To mark the 30th anniversary of the Disability Discrimination Act (DDA), City of Melbourne hosted a forum as an opportunity to hear and share how the DDA has enabled greater access and inclusion for people with disability. Travellers Aid Operations Manager, Maria Groner was invited to speak at the event with local government, community groups, advocates and innovators contributing to the discussion.
A social worker by training, Operations Manager, Maria Groner, has more than 30 years’ experience in the not-for-profit sector, both in Australia and in her home country of Germany. Maria’s experience, gained in frontline roles through to senior management positions, have benefited from her deep commitment to social justice and her passion for improving the lives of those most disadvantaged in our society.
Whilst the DDA has enabled greater access on public transport modes, there continue to be persistent barriers for people with disability. This is where a service like Travellers Aid comes in to provide a human solution where infrastructure may fail. Our work supports the objectives of the Act by providing access and inclusion services at transport hubs, events and during public transport disruptions. We acknowledge that while the DDA has created positive change, there are limitations, including the barriers (and personal cost) that people with disability experience in making a DDA complaint.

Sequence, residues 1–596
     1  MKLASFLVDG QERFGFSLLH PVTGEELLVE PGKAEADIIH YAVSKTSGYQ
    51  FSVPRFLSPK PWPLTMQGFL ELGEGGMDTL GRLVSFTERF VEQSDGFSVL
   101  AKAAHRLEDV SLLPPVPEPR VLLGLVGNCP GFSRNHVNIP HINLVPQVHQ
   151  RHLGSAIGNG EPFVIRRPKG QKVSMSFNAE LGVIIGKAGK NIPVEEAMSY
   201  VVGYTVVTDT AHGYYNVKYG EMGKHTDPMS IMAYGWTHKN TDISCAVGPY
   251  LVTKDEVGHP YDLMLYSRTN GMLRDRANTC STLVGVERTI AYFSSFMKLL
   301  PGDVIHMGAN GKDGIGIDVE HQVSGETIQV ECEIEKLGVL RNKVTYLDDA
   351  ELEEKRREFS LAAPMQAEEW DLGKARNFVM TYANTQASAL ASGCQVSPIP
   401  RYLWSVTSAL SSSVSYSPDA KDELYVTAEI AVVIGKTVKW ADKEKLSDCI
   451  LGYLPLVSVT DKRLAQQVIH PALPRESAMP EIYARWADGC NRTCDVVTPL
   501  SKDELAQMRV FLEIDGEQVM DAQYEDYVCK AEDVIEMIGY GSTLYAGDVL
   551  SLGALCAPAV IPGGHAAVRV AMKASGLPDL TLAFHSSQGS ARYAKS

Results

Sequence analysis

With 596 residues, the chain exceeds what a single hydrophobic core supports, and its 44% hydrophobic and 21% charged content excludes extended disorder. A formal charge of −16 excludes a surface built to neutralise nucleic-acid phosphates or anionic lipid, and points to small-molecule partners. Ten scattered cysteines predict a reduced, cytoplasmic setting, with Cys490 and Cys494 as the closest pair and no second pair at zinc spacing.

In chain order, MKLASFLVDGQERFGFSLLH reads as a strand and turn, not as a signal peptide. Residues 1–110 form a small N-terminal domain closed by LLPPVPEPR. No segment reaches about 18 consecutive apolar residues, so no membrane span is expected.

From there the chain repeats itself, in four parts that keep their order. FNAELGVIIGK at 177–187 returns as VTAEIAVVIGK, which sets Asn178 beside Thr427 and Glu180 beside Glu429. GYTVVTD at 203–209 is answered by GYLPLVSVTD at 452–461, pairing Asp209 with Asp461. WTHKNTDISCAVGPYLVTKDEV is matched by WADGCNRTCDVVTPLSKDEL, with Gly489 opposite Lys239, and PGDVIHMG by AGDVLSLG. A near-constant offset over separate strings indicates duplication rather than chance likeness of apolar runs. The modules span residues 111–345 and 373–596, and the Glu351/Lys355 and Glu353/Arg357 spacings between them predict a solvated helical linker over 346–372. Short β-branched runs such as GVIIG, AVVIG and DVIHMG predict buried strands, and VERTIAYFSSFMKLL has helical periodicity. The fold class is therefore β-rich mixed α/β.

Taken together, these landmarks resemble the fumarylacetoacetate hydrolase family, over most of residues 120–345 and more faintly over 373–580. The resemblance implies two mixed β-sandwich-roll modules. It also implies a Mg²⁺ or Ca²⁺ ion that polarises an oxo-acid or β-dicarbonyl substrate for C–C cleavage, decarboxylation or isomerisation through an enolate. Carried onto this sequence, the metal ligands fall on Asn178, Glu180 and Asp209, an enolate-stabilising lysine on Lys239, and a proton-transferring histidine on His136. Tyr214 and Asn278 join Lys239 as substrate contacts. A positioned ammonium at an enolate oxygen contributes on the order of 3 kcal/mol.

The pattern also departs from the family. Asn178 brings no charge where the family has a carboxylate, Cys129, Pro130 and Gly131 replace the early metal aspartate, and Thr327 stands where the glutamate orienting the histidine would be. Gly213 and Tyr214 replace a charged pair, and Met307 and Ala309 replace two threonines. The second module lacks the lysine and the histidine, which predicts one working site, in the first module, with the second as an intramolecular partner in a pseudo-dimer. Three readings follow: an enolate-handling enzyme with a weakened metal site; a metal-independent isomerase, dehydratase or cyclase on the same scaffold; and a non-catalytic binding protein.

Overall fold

As our support services adapt and grow to meet current needs, we are pleased to be working with more event organisers, transport providers and the City of Melbourne to provide access and inclusion services where event infrastructure may not be fully accessible. Their support and commitment to addressing these limitations is a key factor in the ability to deliver our services to as many people as possible.